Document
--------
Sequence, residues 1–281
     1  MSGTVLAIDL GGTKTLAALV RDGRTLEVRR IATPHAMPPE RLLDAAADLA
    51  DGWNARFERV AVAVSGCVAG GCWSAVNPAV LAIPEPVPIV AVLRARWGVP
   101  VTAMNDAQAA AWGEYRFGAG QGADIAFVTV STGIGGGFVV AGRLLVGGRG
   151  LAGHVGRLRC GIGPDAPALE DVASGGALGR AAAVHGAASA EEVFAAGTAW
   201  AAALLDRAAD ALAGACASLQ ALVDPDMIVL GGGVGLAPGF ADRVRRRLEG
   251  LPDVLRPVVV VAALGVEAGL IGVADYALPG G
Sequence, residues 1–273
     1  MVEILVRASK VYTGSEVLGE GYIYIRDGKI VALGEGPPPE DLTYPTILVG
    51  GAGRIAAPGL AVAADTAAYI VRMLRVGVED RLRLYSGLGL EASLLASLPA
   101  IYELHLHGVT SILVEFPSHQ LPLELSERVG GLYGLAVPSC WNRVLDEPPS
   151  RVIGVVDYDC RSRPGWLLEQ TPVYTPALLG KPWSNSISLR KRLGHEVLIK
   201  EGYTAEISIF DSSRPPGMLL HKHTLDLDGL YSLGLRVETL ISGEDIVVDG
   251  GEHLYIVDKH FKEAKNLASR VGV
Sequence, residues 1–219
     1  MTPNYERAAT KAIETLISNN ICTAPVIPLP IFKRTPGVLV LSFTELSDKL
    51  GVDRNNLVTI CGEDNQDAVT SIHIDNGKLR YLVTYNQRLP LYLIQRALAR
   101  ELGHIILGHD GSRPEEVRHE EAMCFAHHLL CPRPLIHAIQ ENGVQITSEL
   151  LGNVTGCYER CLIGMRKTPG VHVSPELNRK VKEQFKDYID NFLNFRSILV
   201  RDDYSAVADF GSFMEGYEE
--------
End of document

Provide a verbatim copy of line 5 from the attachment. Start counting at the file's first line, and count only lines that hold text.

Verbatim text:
   151  LAGHVGRLRC GIGPDAPALE DVASGGALGR AAAVHGAASA EEVFAAGTAW